I’ve been a catechist for over ten years, and in that time I’ve found a number of helpful books. While nothing beats the essentials, I’ve been thrilled recently with the resources I’ve seen published. Here are three that caught my eye and that I just had to share.
Totally Catholic!: A Catechism for Kids and Their Parents and Teachers
Mary Kathleen Glavich, SND (Pauline Books & Media, 2014)
For adults, there’s the Catechism of the Catholic Church. For teens, there’s the YouCat. And now, for the rest of us, there’s Totally Catholic! I actually read this cover to cover and enjoyed every bit of it. As I prepared for Confirmation Boot Camp and for some other lessons, I found myself referencing it quite a bit.
Glavich has a knack for making things applicable and relevant. She describes complicated matters of faith in a way that is fun and interesting. For example, in the chapter on the communion of saints, there’s this:
The people in the Church’s three states, like a family, lovingly help one another.
Saints on earth. Did you ever say to someone, “I’ll pray for you”? We can pray and offer our good works and sufferings for people on earth, and they can do the same for us.
Saints in purgatory. We can also pray and offer good works and sufferings for people in purgatory in order to hurry their purification. That is why after someone dies, we have Masses said for them. You can pray for your deceased relatives or even for people in purgatory who might not have anyone to pray for them. Those in purgatory (sometimes called poor souls) can also pray for us.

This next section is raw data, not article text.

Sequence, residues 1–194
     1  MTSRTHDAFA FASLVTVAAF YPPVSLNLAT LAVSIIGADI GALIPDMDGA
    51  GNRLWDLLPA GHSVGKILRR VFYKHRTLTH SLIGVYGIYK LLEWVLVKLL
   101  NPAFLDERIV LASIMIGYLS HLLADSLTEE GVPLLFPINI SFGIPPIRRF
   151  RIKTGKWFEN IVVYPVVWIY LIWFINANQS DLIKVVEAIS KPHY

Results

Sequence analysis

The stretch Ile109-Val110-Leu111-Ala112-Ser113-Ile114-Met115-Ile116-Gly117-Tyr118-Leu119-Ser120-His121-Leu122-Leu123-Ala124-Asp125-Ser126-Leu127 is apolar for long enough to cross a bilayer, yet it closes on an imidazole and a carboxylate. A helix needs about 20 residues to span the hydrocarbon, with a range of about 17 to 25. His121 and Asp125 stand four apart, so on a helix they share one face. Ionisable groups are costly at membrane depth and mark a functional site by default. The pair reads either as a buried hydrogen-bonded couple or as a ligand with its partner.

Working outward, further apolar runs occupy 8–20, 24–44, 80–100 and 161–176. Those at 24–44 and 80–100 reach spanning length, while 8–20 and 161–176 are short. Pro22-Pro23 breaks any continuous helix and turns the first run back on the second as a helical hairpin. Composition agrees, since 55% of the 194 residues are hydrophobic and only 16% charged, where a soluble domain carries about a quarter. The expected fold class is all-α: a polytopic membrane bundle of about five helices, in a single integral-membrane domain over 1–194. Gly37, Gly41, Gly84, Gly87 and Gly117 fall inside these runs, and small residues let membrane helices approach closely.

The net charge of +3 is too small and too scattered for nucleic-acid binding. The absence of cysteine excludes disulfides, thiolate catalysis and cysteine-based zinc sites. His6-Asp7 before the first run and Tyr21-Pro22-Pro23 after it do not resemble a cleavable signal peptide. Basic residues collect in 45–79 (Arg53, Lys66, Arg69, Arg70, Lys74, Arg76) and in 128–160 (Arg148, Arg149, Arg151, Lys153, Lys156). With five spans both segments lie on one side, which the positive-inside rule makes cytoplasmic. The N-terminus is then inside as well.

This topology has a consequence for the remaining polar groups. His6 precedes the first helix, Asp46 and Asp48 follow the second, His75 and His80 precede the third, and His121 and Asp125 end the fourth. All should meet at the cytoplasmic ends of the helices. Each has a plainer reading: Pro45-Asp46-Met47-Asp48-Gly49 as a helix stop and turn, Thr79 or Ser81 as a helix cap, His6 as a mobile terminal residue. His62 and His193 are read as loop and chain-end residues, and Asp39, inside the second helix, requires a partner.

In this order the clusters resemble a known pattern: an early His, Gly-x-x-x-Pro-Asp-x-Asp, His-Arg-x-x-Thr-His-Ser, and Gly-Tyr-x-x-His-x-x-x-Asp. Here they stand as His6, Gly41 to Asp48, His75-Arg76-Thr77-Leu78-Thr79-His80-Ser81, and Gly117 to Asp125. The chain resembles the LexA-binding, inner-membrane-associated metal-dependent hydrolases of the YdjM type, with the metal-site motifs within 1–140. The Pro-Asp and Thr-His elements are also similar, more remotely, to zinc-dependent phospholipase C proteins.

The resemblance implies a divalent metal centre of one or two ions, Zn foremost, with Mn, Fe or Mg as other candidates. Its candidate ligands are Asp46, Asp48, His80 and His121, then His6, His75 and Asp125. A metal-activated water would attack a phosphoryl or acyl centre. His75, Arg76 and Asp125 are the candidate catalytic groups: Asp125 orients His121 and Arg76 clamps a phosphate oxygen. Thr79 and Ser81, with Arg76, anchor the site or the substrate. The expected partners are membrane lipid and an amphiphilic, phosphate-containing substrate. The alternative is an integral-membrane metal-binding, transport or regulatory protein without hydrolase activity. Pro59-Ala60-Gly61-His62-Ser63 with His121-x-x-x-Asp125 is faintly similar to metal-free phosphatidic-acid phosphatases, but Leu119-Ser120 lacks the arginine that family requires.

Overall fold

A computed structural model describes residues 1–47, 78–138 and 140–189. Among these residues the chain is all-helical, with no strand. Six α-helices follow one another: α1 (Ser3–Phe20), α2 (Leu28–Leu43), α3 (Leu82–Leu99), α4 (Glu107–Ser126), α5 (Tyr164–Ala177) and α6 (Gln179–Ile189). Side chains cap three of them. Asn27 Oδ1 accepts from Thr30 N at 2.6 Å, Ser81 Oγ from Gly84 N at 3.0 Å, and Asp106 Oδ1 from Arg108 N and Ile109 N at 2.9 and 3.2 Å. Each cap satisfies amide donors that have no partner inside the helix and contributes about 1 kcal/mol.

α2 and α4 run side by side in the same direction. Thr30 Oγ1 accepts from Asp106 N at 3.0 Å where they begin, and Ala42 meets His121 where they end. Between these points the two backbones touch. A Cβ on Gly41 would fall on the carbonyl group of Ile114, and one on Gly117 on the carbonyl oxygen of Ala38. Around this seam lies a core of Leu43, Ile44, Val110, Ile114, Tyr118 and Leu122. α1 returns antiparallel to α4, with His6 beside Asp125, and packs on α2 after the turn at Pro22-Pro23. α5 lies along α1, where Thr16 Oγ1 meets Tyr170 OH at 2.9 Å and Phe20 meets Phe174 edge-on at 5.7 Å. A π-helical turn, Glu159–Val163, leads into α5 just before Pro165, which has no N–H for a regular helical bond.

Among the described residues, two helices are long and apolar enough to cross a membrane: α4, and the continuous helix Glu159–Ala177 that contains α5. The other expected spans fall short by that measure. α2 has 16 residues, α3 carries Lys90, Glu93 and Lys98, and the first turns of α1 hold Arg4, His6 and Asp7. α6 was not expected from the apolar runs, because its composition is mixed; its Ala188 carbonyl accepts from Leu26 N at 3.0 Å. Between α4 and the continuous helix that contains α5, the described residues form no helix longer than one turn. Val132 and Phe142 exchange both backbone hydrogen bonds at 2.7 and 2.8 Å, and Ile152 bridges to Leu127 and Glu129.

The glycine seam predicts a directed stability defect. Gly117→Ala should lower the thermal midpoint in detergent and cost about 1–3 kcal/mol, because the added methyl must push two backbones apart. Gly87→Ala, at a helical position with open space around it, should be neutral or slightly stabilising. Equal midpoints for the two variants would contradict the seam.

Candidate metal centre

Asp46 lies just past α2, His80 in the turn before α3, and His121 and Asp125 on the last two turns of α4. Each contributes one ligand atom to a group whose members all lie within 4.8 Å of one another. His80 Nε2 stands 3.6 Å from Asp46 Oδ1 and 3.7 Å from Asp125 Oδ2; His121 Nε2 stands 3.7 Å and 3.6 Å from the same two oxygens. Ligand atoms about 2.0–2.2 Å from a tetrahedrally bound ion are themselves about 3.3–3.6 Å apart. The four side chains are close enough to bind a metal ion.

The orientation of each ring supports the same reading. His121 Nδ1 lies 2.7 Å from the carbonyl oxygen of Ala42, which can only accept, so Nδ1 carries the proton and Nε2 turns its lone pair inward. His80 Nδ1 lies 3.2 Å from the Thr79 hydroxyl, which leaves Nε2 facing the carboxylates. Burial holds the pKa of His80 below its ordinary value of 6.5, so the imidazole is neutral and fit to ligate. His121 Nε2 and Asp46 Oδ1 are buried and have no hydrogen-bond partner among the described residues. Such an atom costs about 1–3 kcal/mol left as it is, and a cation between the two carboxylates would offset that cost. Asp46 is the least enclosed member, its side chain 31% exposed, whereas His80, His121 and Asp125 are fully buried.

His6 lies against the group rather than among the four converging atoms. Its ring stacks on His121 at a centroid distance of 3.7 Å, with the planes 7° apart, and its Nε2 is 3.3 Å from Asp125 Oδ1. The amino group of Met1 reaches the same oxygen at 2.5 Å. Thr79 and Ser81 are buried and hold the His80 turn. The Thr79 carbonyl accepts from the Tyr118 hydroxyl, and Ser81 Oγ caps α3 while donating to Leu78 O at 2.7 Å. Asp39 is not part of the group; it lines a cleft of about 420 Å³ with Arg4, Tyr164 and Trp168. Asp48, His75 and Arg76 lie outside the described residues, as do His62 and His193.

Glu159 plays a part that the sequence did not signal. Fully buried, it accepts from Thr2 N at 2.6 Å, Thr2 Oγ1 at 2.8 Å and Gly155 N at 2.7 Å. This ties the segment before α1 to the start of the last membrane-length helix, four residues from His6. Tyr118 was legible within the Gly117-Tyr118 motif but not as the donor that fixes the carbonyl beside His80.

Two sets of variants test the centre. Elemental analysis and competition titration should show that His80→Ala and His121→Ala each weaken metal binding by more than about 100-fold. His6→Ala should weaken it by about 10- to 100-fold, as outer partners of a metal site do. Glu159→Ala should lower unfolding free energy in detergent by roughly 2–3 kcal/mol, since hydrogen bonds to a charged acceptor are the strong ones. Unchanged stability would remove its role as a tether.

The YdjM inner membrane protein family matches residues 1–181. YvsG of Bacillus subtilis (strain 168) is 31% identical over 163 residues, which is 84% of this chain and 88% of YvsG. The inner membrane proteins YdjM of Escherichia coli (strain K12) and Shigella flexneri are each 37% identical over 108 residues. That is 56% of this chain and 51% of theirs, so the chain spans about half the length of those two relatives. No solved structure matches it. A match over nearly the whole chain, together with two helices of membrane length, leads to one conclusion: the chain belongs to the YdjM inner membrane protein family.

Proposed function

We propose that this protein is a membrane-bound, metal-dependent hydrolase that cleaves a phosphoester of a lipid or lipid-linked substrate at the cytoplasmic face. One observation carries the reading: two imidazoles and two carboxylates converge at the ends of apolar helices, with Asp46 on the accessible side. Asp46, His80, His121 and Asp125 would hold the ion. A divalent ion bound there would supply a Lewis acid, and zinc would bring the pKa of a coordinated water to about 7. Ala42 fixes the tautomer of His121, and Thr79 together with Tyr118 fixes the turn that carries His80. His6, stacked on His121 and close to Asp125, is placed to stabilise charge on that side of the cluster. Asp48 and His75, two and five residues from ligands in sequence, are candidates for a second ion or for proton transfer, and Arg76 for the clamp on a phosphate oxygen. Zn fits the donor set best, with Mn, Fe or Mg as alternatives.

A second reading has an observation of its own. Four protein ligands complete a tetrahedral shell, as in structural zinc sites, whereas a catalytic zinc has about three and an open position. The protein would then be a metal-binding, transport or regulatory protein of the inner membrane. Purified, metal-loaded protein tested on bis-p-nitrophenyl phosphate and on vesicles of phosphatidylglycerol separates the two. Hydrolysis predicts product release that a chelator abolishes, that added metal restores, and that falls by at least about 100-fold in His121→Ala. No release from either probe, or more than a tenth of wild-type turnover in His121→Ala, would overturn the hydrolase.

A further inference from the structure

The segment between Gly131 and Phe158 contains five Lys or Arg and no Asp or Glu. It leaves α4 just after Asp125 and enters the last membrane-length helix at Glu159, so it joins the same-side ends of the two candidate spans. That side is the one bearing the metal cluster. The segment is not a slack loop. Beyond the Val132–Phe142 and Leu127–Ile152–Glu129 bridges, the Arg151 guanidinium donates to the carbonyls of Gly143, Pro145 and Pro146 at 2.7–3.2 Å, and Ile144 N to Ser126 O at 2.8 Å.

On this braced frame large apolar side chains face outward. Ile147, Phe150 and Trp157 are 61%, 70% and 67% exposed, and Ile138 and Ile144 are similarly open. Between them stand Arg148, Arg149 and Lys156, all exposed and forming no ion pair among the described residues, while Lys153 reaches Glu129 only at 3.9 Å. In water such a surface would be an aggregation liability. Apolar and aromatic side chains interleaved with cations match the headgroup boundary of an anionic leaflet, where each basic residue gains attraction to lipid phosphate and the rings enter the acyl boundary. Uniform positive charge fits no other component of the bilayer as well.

Saints in heaven. Likewise, we can turn to the saints in heaven and ask them to intercede, or pray for us. Friendship with the saints can help us grow closer to Christ.
There are 39 chapters, two appendices, and an index. It’s arranged much like the big green Catechism, and it’s written for a younger crowd (I would call it middle grade). Each chapter starts with a reference from the Catechism and an introduction. There are “Did You Know?” callout boxes, “BTW” facts, and a “Catholic VIP” highlighted in each chapter. Each chapter has a “Scripture Link,” with a relevant passage from the Bible, “Brainstorm” activities that aren’t hard or weird, and ends with a “From My Heart” and “Now Act!” that could well be assignments.
In fact, I think this is maybe the closest I’ve found to a perfect “textbook” for grade school age kids. (And you should know this: I’m NOT a fan of textbooks for religious education.)
Each chapter has a short bulleted “Recap” list, and it’s laid out in a way that I can only call brilliant. It’s fun to look at and read, and it sure doesn’t hurt that the content is stellar.
The Faith: A Question-and-Answer Guide to the Catechism of the Catholic Church
Fr. John Hardon, S.J. (Servant Books, 2014)
If you’re anything like me, you looked at the Catechism and thought, “There’s NO WAY I can read that and understand it, retain the information, have any luck at all.” I was shocked when I started reading the Catechism (after my spiritual director had encouraged me for, oh, three years or so) and it was NOT SO BAD!
Even so, there’s a lot in the Catechism. It’s really more of a reference than a fun reading adventure (though it can be that, don’t get me wrong). What Servant has pulled together here is a great companion to your reference shelf. I caught myself diving into this when I was looking for additional information on different topics for Confirmation Boot Camp, and I know I’ll use it in preparing talks and columns.